Stop the mealybug life cycle with a hydrogen peroxide soil soak

Anyone who's experienced a mealybug problem with their plants will know how infuriating these tiny monsters can be. These tiny, white, and fuzzy insects suck the sap from plants, depriving them of the essential moisture and nutrients they need to grow and thrive. They can be particularly difficult to get rid of, and some people find it easier to simply get rid of a plant than try to remove the mealybugs. One way to stop a mealybug lifecycle in its tracks is to target the eggs, which you can do with hydrogen peroxide.

For any plants that have a mealybug infestation, create your own soil soak which will kill off any eggs before they hatch, preventing generations of mealybugs from setting up a home on your houseplant. Use one part 3% hydrogen peroxide to four parts water, and apply directly to the soil of the plant once the top few inches have dried out. It's important to use 3% hydrogen peroxide to avoid damaging the plant roots. Do this every time you water your plant until the mealbugs have been eliminated. You can simultaneously attack the adult mealybugs with other household products. Get rid of the white bugs on your plants by wiping the leaves down and washing them with rubbing alcohol.

Hydrogen peroxide won't deter rats, but it can be used to clean up after them

Unless you're keeping these furry critters in your home as pets, rats are the last thing anyone wants to find in their house. These rodents carry fleas, ticks, and germs. Additionally, they can contaminate your food, aggravate allergies, and even cause fires by chewing through wiring. If you're looking for a trap-free way to get rid of these pests, hydrogen peroxide unfortunately is not the solution. Instead, you can try to rid your home of rats using peanut butter and bleach.

In tandem with catching, killing, and disposing of rats, you also need to keep on top of your cleaning regime. Since rats can infect anything they touch or leave droppings on, it's vital that you use a strong disinfectant to remove any trace of these rodents ever stepping their paws in your home. Use a homemade hydrogen peroxide spray using one part peroxide and three parts water to wipe down your hard surfaces, such as countertops in your kitchen and bathroom, kitchen shelves, tile flooring, and ceramic sinks. If you've found rat urine in your home you'll notice it leaves a nasty, lingering smell. This can be treated with neat hydrogen peroxide. Apply the peroxide to the area and allow it to work for a few minutes before blotting it up.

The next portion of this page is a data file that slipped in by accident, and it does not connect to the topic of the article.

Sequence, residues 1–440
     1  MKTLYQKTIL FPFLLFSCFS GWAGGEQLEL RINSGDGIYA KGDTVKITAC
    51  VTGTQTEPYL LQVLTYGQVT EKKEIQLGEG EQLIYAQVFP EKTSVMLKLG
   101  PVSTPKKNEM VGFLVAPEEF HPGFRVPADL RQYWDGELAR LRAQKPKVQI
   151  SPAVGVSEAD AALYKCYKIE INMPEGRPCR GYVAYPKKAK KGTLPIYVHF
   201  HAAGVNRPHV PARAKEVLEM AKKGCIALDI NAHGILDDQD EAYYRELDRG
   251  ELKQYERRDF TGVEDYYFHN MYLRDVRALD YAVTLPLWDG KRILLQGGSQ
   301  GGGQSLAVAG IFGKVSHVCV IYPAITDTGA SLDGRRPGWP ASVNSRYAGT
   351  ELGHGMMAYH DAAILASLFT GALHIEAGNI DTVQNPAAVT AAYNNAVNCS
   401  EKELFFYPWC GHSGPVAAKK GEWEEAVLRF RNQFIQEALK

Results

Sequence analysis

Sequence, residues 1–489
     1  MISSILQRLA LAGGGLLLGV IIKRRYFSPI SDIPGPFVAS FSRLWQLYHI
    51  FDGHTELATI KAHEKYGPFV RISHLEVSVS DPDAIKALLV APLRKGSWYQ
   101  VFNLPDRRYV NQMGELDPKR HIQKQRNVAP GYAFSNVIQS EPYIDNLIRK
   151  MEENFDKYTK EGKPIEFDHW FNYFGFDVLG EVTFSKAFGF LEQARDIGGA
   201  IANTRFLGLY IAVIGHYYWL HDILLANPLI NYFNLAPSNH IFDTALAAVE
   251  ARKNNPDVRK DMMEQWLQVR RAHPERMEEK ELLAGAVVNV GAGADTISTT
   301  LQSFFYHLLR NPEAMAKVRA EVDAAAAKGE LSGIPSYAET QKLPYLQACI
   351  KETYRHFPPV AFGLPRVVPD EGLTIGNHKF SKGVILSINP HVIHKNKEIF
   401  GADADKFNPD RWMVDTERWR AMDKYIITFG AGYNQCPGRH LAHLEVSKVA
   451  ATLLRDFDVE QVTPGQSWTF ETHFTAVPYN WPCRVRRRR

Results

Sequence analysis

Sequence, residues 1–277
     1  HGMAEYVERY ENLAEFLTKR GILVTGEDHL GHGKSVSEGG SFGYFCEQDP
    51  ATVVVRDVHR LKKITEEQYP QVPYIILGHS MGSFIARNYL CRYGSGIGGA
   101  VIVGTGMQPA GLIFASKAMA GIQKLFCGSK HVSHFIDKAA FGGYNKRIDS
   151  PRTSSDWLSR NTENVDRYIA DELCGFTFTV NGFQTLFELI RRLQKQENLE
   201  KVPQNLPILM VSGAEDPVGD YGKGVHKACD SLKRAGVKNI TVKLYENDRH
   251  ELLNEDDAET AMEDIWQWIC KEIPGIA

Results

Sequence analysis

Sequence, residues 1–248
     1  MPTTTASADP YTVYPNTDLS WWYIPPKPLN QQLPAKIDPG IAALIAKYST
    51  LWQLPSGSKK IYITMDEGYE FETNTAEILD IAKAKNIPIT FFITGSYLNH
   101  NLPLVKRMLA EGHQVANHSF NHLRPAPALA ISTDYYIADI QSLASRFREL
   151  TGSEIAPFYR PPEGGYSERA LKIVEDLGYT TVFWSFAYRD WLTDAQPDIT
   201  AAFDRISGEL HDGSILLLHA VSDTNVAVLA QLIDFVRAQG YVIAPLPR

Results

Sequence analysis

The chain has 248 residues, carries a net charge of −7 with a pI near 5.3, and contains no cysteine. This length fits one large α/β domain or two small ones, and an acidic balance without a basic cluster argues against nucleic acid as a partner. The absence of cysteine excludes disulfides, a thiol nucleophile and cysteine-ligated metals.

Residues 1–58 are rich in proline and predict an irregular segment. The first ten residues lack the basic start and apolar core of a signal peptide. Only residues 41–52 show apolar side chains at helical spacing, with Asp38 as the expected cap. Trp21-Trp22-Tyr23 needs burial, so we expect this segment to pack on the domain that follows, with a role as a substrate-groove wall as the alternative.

Hydrogen peroxide is not your best defense against roaches

Signs of a cockroach pest infestation in your home include droppings on the floor that look like coffee grounds, a musty smell, smears on the walls, and an increase in allergy symptoms. It's fair to say anyone who notices a roach problem in their home is going to want to tackle it immediately. But can hydrogen peroxide kill roaches and hard-shelled pests? Unfortunately, it's unlikely. There are suggestions by some users on TikTok that hydrogen peroxide can destroy these unpleasant creatures, but the evidence is only anecdotal. To get rid of cockroaches once and for all you'll want to stick with a method that is more tried and tested.

To get rid of unwanted roaches using household products, you can try a combination of baking soda and onion. The aim here is to get the cockroaches to ingest baking soda while eating the onion, which will then swell in their stomach and cause them to burst. You could also use boric acid powder to eliminate roaches in the home, or try the vaseline jar trap hack. However, for a surefire way to banish these blighters, you'll want to bring in the experts. The best roach pest control method is to call the pros.

Bed bugs can be killed with hydrogen peroxide, but there are better alternatives

Dead giveaways that your have a bed bug pest infestation include itchy bite marks on your skin, spots of blood on your bed sheets, and small brown smears on bedding. Undoubtedly you won't be keen on the idea of sharing your bed with these biting bugs, but many people aren't a fan of using chemical treatments in the area where they spend so much time sleeping. Hydrogen peroxide is a natural method for treating a bed bug infestation, but it isn't the best. You can spray a mixture of hydrogen peroxide and water directly onto your sheets and this should kill bed bugs on contact. However, hydrogen peroxide can stain or bleach sheets and mattresses, whereas there are some more effective alternatives that are kinder to your linens.

There are a number of myths about killing bed bugs that just don't work, so be wary of these so-called hacks to avoid wasting your time and allowing the infestation to grow. Foolproof ways to get rid of bed bugs include spraying your bed sheets with rubbing alcohol and then putting them in the washing machine on the hottest cycle, vacuuming your mattress and following it up with a steam cleaner, and applying diatomaceous earth to any surfaces bed bugs are inhabiting.